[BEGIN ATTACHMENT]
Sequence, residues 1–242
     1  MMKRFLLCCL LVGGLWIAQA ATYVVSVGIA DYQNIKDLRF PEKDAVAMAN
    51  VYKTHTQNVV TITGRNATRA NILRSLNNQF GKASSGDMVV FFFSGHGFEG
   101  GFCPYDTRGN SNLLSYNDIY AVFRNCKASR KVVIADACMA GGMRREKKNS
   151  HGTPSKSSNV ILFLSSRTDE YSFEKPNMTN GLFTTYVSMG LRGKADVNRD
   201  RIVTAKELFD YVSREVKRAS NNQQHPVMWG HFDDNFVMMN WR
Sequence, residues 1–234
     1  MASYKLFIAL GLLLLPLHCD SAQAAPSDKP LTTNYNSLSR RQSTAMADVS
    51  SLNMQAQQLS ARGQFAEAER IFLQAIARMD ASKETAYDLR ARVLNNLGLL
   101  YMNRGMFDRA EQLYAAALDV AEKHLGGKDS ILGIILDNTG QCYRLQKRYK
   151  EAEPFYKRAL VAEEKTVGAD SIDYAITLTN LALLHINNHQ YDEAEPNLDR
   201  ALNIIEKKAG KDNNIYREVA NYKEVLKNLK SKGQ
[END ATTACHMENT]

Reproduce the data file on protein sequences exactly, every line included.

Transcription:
Sequence, residues 1–242
     1  MMKRFLLCCL LVGGLWIAQA ATYVVSVGIA DYQNIKDLRF PEKDAVAMAN
    51  VYKTHTQNVV TITGRNATRA NILRSLNNQF GKASSGDMVV FFFSGHGFEG
   101  GFCPYDTRGN SNLLSYNDIY AVFRNCKASR KVVIADACMA GGMRREKKNS
   151  HGTPSKSSNV ILFLSSRTDE YSFEKPNMTN GLFTTYVSMG LRGKADVNRD
   201  RIVTAKELFD YVSREVKRAS NNQQHPVMWG HFDDNFVMMN WR
Sequence, residues 1–234
     1  MASYKLFIAL GLLLLPLHCD SAQAAPSDKP LTTNYNSLSR RQSTAMADVS
    51  SLNMQAQQLS ARGQFAEAER IFLQAIARMD ASKETAYDLR ARVLNNLGLL
   101  YMNRGMFDRA EQLYAAALDV AEKHLGGKDS ILGIILDNTG QCYRLQKRYK
   151  EAEPFYKRAL VAEEKTVGAD SIDYAITLTN LALLHINNHQ YDEAEPNLDR
   201  ALNIIEKKAG KDNNIYREVA NYKEVLKNLK SKGQ